Tuesday, March 18, 2008

Feeding of the Five Thousand

This morning, I was reading the accounts of the feeding of the multitudes recorded in the Gospels (HT: Dan Phillips), and I ran across something that I had not noticed before.

Mark 6:34-44 says:

34 When Jesus landed and saw a large crowd, he had compassion on them, because they were like sheep without a shepherd. So he began teaching them many things. 35 By this time it was late in the day, so his disciples came to him. "This is a remote place," they said, "and it's already very late. 36 Send the people away so they can go to the surrounding countryside and villages and buy themselves something to eat." 37 But he answered, "You give them something to eat." They said to him, "That would take eight months of a man's wages! Are we to go and spend that much on bread and give it to them to eat?" 38 "How many loaves do you have?" he asked. "Go and see." When they found out, they said, "Five--and two fish." 39 Then Jesus directed them to have all the people sit down in groups on the green grass. 40 So they sat down in groups of hundreds and fifties. 41 Taking the five loaves and the two fish and looking up to heaven, he gave thanks and broke the loaves. Then he gave them to his disciples to set before the people. He also divided the two fish among them all. 42 They all ate and were satisfied, 43 and the disciples picked up twelve basketfuls of broken pieces of bread and fish. 44 The number of the men who had eaten was five thousand.


Read that through again. I will give you a hint: it is a single word, and an earlier verse in this passage makes me think it is a proper observation.

Now that you've read it again...

Mark 6:34- "When Jesus landed and saw a large crowd, he had compassion on them, because they were like sheep without a shepherd."

Mark 6:39- "Then Jesus directed them to have all the people sit down in groups on the green grass."

Green grass...doesn't it make you stop and think a bit? Could it be that Mark, after telling us that Jesus saw the multitudes as sheep without a shepherd, that he suggests shepherd imagery again in verse 39, for Psalm 23:2 says, "He makes me lie down in green pastures."

Kim Riddlebarger picks up on this imagery and states:

What seems to set this miracle then apart from the others Mark has just covered is that Jesus called the people into the wilderness, knowing that there would not be enough food. He also specifically assigns to the disciples the responsibility of feeding the people. Jesus is clearly making a point. While the twelve do not yet see nor understand the significance of this–and their attitude of incredulity reveals that they are still struggling with Jesus’ identity–they will soon learn why Jesus has brought these things to pass.

Jesus is clearly in control of the situation. As we read in verses 39-40, “Then Jesus directed them to have all the people sit down in groups on the green grass. So they sat down in groups of hundreds and fifties.” The imagery of green grass has troubled many–how could there be green grass in the wilderness? Well, the fact that Mark mentions that the grass was green certainly indicates that his source for this information was present when this miracle occurred–probably Peter. For one thing, the wilderness area is not necessarily a desert area. It could have been Spring when the hills were green from rain. Jesus could have led them to an area naturally irrigated by springs, as there is no mention here of a shortage of water. But what is most significant about the green grass is its redemptive-historical symbolism.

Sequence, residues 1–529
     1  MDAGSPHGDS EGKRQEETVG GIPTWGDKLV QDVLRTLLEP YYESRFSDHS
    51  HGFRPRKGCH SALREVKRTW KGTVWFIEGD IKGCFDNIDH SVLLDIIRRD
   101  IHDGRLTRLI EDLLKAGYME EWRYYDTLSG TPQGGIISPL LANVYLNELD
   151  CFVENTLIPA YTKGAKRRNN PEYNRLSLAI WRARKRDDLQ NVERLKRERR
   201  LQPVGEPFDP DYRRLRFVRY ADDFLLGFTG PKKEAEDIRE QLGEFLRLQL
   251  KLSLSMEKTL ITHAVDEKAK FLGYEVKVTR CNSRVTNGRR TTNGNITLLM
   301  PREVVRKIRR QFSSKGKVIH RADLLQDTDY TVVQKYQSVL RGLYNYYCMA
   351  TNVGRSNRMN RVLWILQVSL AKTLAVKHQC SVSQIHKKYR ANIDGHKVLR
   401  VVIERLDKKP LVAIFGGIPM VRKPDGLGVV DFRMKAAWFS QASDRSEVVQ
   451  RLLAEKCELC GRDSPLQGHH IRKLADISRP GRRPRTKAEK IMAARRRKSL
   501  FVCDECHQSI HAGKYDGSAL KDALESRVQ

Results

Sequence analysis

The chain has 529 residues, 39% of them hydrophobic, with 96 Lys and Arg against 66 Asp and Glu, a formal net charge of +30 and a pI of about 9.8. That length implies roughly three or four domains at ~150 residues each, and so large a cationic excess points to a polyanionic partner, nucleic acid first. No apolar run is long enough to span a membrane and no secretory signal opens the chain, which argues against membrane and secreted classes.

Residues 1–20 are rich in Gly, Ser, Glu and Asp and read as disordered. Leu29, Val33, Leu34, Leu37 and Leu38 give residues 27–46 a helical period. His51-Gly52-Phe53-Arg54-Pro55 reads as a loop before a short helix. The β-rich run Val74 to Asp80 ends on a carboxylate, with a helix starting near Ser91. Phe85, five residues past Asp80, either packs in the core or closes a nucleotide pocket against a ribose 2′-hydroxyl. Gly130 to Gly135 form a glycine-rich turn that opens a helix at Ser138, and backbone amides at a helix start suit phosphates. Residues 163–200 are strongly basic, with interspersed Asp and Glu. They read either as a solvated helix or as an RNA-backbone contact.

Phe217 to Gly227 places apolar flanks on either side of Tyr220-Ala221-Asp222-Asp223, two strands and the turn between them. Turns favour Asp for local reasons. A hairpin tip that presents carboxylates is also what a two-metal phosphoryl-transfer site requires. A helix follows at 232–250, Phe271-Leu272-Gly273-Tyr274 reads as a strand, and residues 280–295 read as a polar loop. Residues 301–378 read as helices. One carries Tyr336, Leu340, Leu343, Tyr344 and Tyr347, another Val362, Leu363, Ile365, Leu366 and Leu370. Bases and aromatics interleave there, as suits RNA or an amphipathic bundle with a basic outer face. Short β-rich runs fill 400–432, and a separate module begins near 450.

God’s people will find rest in the wilderness, and the green grass implies that God’s glory can transform the arid places. This was a theme throughout the prophets, especially in Ezekiel 34:26-29. It is also the image invoked by the famous “shepherd Psalm,” Psalm 23. It is the Lord who causes his weary people to recline in green pastures. The whole scene cries out, “new Exodus,” especially when read in the backdrop of Exodus 16, our Old Testament lesson. God was about to provide his people with food in the desert. The scene is not only loaded with images from the wilderness journey, it is also messianic. That which the prophets had foretold was even then coming to pass. God would feed his people in the wilderness and join in a fellowship meal with them. Furthermore, they will lie down in green pastures.


William Lane writes the following:

At the command of Jesus the vast gathering was constituted into table-companies in preparation for the meal. Two details of the Marcan account are narrowly related to the wilderness motif noted in verses 30-34. 1. The reference to the "green grass" is not in contradiction to the description of the locale as "wilderness." The concept of the wilderness is broad enough to include pastures sufficient for the grazing of flocks, particularly after the winter rains. Yet the vivid description is most intelligible when read in the larger context provided by the introduction to the feeding narrative. The transformation of the desert into a place of refreshment and life through the power of God is an aspect of the wilderness tradition which is prominent in the prophets. By divine intervention the land of curse will become fat pastures where the sheep will be gathered and fed by the true shepherd (Eze. 34:26f.,29). The Lord who causes his people to recline in green pastures (Ps. 23:1) evokes the shepherd imagery of verse 34 and implies that the wilderness is already being changed into the land of fertility and rest.


Here is a good sermon on God's provision in the wilderness by Reformed Baptist pastor Brian Borgman. He is the one who wrote My Heart for Thy Cause: Albert N. Martin's Theology of Preaching




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